Repairs & Maintenance
Landlords and tenants share responsibility for maintaining the rental property. Failing to fulfill responsibilities could mean that one party has to reimburse the other for repair or maintenance expenses.
See how tenancy law applies to your situation. Use the Solution Explorer to find helpful information, resources and template letters specific to your tenancy problem. Find out what you need to resolve your dispute and whether you may have a valid dispute resolution claim or if you need to take additional steps.
Responsibilities for Repairs and Maintenance
Landlords must provide rental units that:
- Meet health and safety standards required by law
- Have all of the services and facilities outlined in the tenancy agreement
- Are in good repair
Tenants are responsible for repairing damage caused by anyone living in or visiting the unit – including pets. Tenants must also maintain a reasonable standard of health and cleanliness in the unit and surrounding common areas like hallways, yards or laundry facilities. Tenants are not responsible for reasonable wear and tear from normal usage over time.
Landlords and tenants who rent both a manufactured home and a manufactured home site under a residential tenancy agreement also have these responsibilities.
Inspect the Rental Unit
At the beginning of a tenancy, a landlord and tenant must inspect (“walk through”) the rental unit together and complete a Condition Inspection Report (PDF, 1.6MB). All damages and concerns should be noted in the report – it’s a good idea to include photos, if possible. The report, along with any photos, is an official record of any damage in the unit before the tenant moved in – it can be submitted as evidence if there’s ever a dispute about the rental unit’s condition.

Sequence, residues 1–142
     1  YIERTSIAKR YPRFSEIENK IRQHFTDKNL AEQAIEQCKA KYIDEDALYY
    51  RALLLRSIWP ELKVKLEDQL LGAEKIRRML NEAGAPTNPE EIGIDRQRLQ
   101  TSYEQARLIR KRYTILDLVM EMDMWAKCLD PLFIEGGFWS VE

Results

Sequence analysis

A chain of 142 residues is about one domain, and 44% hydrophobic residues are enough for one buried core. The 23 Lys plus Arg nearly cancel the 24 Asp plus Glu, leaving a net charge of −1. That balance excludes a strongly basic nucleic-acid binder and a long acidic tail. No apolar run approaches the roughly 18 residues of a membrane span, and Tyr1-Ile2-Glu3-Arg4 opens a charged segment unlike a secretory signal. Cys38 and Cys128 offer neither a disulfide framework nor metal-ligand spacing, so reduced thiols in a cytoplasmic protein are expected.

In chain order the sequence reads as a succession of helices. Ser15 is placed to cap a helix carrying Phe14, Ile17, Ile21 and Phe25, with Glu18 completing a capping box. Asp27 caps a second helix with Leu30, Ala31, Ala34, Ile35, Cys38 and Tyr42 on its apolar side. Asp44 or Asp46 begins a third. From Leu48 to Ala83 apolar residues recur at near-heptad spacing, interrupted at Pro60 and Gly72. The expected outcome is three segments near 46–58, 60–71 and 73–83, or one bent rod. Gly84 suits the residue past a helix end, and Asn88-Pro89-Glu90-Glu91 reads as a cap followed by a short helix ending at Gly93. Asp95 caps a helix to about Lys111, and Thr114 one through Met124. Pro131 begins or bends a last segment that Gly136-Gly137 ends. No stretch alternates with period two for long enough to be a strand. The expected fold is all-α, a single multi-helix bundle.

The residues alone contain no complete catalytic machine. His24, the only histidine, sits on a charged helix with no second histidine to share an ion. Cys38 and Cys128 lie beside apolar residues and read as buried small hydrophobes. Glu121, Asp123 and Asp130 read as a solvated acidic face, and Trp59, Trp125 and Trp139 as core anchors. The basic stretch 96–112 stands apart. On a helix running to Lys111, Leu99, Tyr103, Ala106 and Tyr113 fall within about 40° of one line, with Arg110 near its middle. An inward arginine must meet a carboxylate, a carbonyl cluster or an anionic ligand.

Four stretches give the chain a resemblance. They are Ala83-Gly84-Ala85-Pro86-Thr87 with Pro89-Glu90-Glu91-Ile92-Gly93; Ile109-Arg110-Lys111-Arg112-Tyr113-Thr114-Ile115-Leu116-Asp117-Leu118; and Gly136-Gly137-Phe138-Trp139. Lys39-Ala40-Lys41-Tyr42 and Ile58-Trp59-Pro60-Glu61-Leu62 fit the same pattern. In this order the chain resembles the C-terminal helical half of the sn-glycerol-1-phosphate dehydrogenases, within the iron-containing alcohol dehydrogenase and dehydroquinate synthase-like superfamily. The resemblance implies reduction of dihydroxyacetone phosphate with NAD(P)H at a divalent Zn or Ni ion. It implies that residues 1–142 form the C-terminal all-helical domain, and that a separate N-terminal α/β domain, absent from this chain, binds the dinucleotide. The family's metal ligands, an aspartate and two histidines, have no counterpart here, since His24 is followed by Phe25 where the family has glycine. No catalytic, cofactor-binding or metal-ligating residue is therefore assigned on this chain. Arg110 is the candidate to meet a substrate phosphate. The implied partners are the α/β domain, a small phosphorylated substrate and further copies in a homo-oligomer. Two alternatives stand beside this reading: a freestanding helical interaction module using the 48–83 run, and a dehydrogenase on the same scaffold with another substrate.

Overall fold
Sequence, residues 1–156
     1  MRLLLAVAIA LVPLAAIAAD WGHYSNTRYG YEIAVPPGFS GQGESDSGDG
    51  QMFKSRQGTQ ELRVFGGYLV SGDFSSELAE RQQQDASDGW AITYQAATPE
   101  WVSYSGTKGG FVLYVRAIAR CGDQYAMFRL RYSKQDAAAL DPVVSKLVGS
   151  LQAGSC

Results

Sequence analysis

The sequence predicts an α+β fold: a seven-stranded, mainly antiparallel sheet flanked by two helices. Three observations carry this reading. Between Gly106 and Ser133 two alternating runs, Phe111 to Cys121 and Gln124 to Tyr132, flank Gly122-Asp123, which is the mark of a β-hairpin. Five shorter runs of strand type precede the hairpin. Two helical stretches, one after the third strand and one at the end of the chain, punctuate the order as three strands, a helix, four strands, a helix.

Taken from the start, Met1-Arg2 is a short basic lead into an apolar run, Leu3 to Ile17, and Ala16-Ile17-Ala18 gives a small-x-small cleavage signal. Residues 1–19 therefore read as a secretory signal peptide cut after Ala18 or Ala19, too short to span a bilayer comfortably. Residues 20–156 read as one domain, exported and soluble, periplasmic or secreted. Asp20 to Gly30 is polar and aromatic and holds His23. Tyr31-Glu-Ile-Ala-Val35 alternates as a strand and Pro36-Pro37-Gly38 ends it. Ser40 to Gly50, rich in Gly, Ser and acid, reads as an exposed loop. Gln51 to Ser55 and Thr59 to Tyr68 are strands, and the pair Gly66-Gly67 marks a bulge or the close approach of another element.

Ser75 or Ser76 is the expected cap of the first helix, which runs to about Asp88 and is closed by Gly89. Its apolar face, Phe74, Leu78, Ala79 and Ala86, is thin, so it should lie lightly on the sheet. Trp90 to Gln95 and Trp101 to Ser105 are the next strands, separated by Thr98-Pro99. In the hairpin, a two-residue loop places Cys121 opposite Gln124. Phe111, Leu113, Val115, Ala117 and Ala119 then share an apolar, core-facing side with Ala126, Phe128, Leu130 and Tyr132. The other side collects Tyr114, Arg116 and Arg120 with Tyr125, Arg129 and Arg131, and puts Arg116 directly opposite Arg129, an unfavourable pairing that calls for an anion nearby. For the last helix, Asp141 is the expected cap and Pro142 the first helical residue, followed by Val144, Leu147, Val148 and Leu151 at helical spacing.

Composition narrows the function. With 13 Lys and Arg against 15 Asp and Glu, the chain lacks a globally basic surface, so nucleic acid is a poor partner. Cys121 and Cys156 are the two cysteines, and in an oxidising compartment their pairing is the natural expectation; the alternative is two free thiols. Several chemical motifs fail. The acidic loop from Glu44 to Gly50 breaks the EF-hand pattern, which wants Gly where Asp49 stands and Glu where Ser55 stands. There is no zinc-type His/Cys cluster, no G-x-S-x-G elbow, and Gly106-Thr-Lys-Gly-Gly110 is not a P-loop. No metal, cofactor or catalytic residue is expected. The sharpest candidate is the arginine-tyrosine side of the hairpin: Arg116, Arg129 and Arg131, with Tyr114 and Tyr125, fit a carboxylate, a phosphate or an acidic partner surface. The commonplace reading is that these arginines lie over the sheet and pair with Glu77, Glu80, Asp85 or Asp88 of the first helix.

Emergency repairs are necessary if health and safety or the building and property are at risk. This includes situations like:
- Major leaks in pipes or roof
- Damaged plumbing fixtures
- Problems with the primary heating system
- A malfunctioning electrical system
- Damaged or defective locks that make the unit insecure
Here are some examples that are not considered emergencies:
- A burned out stove element
- A plugged sink, tub or shower
- Mold around a window
- Changing locks because keys are lost
Landlords must provide an emergency contact name and phone number – either in writing to each tenant or posted in a visible common area.
Tenants must contact the landlord or the designated contact person to report the emergency issue and have it repaired.
If there’s no response after two attempts and a reasonable amount of time has passed, the tenant may arrange to have the repairs done at a reasonable cost. While the repairs are underway, a landlord may decide to:
- Take over the repairs and pay for work done up to that point
- Allow the repairs to continue and reimburse the tenant for the full cost
Landlords are required to reimburse tenants for emergency repairs. Tenants must submit receipts to their landlord, along with a written summary of what happened in order to receive payment. If this procedure is followed and the landlord does not cover the expenses, tenants can deduct the repair costs from the rent.